Largest single environmental health risk? I hadn’t hear that before but it makes sense because air pollution is a pretty much global phenomenon.

In general, environmental economists tend to think that pollution is not “internalized” meaning that the level of pollution is above the level which is economically efficient. Under economic efficiency there would definitely still be some air pollution because, although the pollution is costly, it would be even more costly to eliminate the pollution entirely.

Here’s how air pollution affects health:

Reducing air pollution could save millions of lives, said the WHO.

WHO family, woman and children’s health assistant director-general Dr Flavia Bustreo said: “Cleaning up the air we breathe prevents non-communicable diseases as well as reduces disease risks among women and vulnerable groups, including children and the elderly.

The WHO assessment found the majority of air pollution deaths were linked with cardiovascular diseases.

For deaths related to outdoor pollution, it found:

  • 40% – heart disease
  • 40% – stroke
  • 11% – chronic obstructive pulmonary disease (COPD)
  • 6% – lung cancer
  • 3% – acute lower respiratory infections in children

For deaths related to indoor pollution, it found:

  • 34% – stroke
  • 26% – heart disease
  • 22% – COPD
  • 12% – acute lower respiratory infections in children
  • 6% – lung cancer

New sulfur regulations to increase gas and automobile prices

From the New York Times, the EPA will soon force oil refiners to remove all sulfur from gasoline.

 The Environmental Protection Agency plans to unveil a major new regulation on Monday that forces oil refiners to strip out sulfur, a smog-forming pollutant linked to respiratory disease, from American gasoline blends, according to people familiar with the agency’s plans.

When burned in gasoline, sulfur blocks pollution-control equipment in vehicle engines, which increases tailpipe emissions linked to lung disease, asthma, emphysema, chronic bronchitis, aggravated heart disease and premature births and deaths.

The respiratory diseases and other health effects of pollution from automobile tailpipes are known as negative externalities in economics – bad (hence ‘negative’) effects on people who neither produced nor purchased the gasoline that’s being consumed (hence ‘externalities’ because the effects are on people external to the market transaction). The purpose of the regulation is obviously to try to decrease the negative externalities so that there are fewer negative effects on human health. The story continues…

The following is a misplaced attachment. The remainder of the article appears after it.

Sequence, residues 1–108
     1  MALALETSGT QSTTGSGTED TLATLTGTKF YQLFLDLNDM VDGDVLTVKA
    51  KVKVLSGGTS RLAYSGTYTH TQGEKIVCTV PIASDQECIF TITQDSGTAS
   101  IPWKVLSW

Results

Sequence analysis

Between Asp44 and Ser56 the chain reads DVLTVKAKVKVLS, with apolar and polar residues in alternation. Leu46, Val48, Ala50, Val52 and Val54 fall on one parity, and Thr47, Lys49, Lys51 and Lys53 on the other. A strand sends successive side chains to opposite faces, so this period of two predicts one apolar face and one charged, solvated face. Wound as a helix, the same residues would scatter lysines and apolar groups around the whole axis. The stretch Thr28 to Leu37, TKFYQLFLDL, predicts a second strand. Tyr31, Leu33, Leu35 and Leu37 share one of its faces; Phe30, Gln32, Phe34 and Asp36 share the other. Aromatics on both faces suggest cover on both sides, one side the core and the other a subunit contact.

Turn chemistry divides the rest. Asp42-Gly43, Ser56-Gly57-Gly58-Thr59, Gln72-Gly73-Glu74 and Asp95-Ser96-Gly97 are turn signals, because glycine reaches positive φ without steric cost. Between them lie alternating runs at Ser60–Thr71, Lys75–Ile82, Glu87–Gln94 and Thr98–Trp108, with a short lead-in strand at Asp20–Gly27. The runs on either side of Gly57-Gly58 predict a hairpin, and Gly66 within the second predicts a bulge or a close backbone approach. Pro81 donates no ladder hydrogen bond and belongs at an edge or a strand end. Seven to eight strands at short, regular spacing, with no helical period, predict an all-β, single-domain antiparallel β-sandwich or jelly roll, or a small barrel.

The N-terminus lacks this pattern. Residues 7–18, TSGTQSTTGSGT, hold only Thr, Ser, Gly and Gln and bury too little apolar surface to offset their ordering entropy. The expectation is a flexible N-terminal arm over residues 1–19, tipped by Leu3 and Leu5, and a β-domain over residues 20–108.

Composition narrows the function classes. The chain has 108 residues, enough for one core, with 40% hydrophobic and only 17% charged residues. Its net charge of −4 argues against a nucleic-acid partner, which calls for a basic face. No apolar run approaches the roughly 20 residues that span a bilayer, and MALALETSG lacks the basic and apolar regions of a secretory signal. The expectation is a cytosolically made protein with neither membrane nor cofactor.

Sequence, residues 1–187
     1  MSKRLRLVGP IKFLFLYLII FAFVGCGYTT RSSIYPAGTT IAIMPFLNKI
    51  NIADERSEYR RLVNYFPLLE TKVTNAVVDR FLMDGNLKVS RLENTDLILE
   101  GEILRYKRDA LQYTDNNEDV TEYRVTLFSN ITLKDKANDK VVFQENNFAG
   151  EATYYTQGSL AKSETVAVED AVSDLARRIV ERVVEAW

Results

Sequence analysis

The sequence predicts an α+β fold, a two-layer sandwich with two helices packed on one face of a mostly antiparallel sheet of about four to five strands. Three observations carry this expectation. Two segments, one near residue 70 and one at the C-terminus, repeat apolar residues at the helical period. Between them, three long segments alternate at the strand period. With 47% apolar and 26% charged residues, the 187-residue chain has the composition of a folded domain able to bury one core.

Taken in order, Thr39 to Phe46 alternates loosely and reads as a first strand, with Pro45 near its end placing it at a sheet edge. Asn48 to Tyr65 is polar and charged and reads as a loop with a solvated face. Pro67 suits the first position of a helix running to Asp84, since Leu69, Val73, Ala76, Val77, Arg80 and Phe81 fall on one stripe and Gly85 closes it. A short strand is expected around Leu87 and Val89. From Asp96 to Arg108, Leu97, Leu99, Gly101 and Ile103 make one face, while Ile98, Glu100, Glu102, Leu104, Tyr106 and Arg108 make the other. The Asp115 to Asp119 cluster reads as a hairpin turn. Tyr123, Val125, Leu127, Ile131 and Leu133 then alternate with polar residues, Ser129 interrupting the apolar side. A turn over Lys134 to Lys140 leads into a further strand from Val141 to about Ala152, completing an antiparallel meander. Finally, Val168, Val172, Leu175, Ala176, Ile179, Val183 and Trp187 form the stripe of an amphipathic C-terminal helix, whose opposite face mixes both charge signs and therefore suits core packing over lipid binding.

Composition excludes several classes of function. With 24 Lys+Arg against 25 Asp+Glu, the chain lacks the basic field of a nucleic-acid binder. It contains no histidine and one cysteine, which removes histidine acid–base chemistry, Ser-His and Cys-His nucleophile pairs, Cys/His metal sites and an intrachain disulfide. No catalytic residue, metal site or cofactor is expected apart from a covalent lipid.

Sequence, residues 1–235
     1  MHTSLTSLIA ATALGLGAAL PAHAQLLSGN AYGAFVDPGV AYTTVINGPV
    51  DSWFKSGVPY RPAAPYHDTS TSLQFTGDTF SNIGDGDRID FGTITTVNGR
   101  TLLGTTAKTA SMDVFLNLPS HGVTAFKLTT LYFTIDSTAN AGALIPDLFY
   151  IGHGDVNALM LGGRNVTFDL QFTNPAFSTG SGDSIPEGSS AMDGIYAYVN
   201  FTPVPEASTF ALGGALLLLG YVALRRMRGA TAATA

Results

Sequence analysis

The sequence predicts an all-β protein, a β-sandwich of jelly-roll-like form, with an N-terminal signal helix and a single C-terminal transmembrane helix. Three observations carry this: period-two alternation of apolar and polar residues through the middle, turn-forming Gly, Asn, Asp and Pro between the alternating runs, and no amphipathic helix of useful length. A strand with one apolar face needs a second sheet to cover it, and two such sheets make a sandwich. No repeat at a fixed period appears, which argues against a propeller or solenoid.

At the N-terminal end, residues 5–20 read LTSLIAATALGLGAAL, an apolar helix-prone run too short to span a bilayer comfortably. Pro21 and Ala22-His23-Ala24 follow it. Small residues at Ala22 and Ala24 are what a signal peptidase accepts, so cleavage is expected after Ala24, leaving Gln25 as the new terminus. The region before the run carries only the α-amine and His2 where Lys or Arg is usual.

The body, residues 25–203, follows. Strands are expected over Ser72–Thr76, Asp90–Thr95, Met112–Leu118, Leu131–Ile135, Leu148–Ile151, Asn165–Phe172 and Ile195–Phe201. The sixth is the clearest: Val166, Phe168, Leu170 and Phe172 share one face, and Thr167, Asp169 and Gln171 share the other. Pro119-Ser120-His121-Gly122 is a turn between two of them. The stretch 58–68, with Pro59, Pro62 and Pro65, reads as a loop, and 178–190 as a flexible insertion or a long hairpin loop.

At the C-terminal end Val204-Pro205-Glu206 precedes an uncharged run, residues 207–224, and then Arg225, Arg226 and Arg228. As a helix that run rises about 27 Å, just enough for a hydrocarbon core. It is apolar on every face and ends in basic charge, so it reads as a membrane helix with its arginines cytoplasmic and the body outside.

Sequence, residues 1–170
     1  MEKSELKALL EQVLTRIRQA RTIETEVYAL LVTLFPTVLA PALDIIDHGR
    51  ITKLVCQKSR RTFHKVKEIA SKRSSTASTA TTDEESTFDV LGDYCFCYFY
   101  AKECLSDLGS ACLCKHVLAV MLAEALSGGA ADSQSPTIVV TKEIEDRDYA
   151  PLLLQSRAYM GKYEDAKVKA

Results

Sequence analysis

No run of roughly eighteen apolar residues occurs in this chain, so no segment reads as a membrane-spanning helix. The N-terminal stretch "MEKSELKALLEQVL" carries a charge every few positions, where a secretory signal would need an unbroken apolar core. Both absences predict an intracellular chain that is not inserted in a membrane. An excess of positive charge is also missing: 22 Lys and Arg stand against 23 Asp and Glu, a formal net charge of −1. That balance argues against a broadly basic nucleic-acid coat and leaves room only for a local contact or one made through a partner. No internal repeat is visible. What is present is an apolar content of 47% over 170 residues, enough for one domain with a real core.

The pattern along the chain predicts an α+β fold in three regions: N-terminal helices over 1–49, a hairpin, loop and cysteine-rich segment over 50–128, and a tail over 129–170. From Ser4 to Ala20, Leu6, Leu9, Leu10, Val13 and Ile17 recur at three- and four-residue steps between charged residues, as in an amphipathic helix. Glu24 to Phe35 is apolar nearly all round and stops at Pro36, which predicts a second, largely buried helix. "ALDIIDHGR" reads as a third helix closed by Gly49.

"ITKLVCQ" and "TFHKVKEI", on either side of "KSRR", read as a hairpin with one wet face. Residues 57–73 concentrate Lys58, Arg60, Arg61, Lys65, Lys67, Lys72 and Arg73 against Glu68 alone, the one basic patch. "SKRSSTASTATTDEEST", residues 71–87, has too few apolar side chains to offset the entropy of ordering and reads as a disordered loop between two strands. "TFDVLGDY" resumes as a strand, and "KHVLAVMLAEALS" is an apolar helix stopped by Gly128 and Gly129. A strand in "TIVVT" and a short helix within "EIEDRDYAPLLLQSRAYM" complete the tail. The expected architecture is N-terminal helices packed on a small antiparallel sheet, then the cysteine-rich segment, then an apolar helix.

The E.P.A. estimates that the new rule will drastically reduce soot and smog in the United States, and thus rates of diseases associated with those pollutants, while slightly raising the price of both gasoline and cars.

E.P.A. officials estimate that the new regulation will raise the cost of gasoline by about two-thirds of one cent per gallon and add about $75 to the sticker price of cars. But oil refiners say that it will cost their industry $10 billion and raise gasoline costs by up to 9 cents per gallon.

The E.P.A.’s studies conclude that by 2030, the cleaner-burning gasoline will yield between $6.7 billion and $19 billion annually in economic benefits by saving lives and preventing missed work and school days due to illness.

The new rule will have a significant impact on the health of low-income Americans who live near major highways…

But oil refiners say that the new rule will hurt their industry.

There are tradeoffs associated with this policy. It should reduce costs on human health, but will decrease consumer and producer surplus in the automobile and gasoline industries. This policy is said to pass the

One last tidbit from the article:

Mr. Drevna said it was easier to comply with the earlier regulations because removing the first 90 percent of sulfur molecules from gasoline can be done without difficulty. Wringing the last 10 percent of those molecules is harder.

“They’re tough little buggers that don’t want to come out,” Mr. Drevna said. “It’s like getting the last little bit of red wine stain out of a white blouse.”

In environmental economic theory, we learn that marginal cost of reducing pollution increases. That is, it’s relatively cheap to cut back on the first units of pollution but, as you cut back more and more, each additional unit becomes more costly to eliminate. Mr. Drevna’s statement here is consistent with the theory we propagate to our students!

 

The Cheapest Way to Skin a Cat

BBC News reports on a study arguing that pollution targets in the European Union are not strict enough:

A study confirming a link between atmospheric pollution and heart-attack risk strengthens the EU case for tougher clean-air targets, experts say.

Research in the BMJ looking at long-term data for 100,000 people in five European countries found evidence of harm, even at permitted concentrations.

Experts stressed that the risk to an individual was still relatively small.

And some argued the results were not conclusive as they did not take account of previous exposure to higher levels.

All this seems fine, but the next paragraph struck me:

Other factors, such as smoking or having high blood pressure, contribute more to a person’s risk of heart attack than pollution from traffic fumes and industry, they say.

It may well be that smoking and high blood pressure contribute more to the risk of a heart attack than local pollution, but this paragraph seems to imply that the “some experts” are saying we shouldn’t work on cutting down pollution and instead should be more concerned about battling smoking and high blood pressure. (And I’m not saying this is what the experts are saying, it’s just the impression that the paragraph gives the reader.)

In environmental economics we learn about cost-effectiveness analysis.  Cost-effectiveness analysis is used to determine the least-cost way to achieve some goal.  So, for example, if we want to reduce the risk of heart attack, we might put resources into discouraging smoking (anti-smoking campaigns), battling high blood pressure (anti-salt campaigns?), lowering local pollution (emissions taxes), or other strategies. We then try to determine how much we should invest in each strategy to reach a given goal (e.g. lowering the risk of heart disease by 10%) in the cheapest – that is, most cost-effective – way.

So, even though smoking and high blood pressure lead to a greater risk of heart attack than local pollution, it may yet be that, for a given reduction in the risk of a heart attack, it is more cost-effective to put our efforts into battling local pollution. Whether it is actually more or less cost-effective is another issue – I don’t know the answer because I haven’t studied the issue.  But unfortunately, while the article cites experts from environmental and respiratory medicine, it does not cite the views of any economists who have studied the issue.

That’s how an environmental economist would think about this issue…